Diversity is key to clinical trial success: how mobile units are unlocking access to communities
Andy Morris, EMS Healthcare’s Partnership Manager for Clinical Research, assesses one of the key challenges in delivering clinical trials.Andy Morris
Published 08 August 2023
The diversity of participants in clinical research is fundamental to ensuring better health outcomes, tackling disparities, and improving health equity. The efficacy of new vaccines and medicines can differ based on ethnicity, gender, age, sex and race.
Under recent guidance from the Food and Drug Administration (FDA) in the United States, researchers and pharmaceutical sponsors will soon need to submit a plan for ensuring diversity among participants (‘the Plan’) which will affect trials worldwide.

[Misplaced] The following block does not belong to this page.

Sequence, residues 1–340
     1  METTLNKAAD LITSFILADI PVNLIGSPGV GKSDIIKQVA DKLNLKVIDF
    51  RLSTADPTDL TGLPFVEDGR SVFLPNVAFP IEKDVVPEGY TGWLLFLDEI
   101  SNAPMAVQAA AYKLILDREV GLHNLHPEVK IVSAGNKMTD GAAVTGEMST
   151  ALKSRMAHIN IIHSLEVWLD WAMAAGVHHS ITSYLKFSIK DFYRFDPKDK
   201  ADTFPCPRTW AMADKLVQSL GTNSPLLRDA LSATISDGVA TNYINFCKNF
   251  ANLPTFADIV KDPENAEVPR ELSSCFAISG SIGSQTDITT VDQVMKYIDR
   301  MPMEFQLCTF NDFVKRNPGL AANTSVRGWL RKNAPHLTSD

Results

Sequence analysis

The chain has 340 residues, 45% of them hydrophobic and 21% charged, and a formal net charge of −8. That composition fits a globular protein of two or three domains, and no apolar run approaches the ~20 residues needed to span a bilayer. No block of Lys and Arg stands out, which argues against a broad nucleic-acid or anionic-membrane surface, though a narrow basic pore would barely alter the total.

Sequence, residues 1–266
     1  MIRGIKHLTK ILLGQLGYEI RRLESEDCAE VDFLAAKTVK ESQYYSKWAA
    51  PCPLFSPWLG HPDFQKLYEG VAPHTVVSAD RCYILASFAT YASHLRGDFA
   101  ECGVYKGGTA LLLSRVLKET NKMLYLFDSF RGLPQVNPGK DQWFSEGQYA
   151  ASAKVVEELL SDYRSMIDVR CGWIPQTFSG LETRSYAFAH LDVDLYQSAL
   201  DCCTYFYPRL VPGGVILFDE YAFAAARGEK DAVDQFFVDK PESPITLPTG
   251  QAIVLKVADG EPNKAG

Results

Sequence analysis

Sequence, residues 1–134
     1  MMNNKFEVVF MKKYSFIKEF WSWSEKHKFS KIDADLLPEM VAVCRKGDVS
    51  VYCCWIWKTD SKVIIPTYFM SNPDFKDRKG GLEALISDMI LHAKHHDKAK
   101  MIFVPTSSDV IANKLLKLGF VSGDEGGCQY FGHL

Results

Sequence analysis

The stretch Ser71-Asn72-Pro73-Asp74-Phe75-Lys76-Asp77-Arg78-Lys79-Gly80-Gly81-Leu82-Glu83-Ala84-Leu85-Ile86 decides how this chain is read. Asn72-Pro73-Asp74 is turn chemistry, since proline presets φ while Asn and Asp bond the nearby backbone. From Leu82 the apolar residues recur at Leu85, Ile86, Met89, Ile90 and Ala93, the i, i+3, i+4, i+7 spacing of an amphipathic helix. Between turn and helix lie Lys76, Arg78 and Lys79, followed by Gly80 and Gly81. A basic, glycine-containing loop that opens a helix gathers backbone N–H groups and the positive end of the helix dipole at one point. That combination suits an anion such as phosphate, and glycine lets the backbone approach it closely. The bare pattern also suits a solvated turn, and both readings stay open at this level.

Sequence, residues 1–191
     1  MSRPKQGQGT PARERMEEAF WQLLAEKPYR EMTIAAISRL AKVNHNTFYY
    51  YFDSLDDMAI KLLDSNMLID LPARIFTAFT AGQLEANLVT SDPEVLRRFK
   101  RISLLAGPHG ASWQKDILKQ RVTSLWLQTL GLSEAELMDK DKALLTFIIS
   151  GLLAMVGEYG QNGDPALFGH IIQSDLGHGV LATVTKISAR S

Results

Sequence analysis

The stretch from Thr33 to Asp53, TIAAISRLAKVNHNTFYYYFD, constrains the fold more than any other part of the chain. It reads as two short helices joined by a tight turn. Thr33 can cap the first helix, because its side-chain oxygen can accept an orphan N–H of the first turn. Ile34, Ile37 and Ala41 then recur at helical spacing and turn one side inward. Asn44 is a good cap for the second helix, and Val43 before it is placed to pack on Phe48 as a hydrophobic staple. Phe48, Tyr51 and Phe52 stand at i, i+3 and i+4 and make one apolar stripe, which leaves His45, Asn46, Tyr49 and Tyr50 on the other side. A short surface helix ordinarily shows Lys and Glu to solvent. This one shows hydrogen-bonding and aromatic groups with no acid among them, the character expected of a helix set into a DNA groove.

In future, the focus must be on racial and ethnic diversity, and the inclusion of other under-served populations relevant to disease areas, including crucial demographic factors. A proactive approach to involve all populations eligible to participate will be required - but as the cost of living continues to soar and with time as precious as ever, questions will undoubtedly arise:
- How can people be encouraged to get involved in research?
- How can the burden on traditional settings, and on patients, be addressed?
- What are the most effective methods of reaching underserved communities?
Earlier this year, the UK government announced that the Medicines and Healthcare Products Regulatory Agency (MHRA) is to make legal changes to streamline clinical trial approvals.
These have been aligned with the recommendations made in the review of commercial clinical trials led by Lord James O’Shaughnessy. His report, published in May, concluded that speeding up clinical trial approvals “will help make the UK one of the best countries in the world to conduct clinical research for patients and researchers.”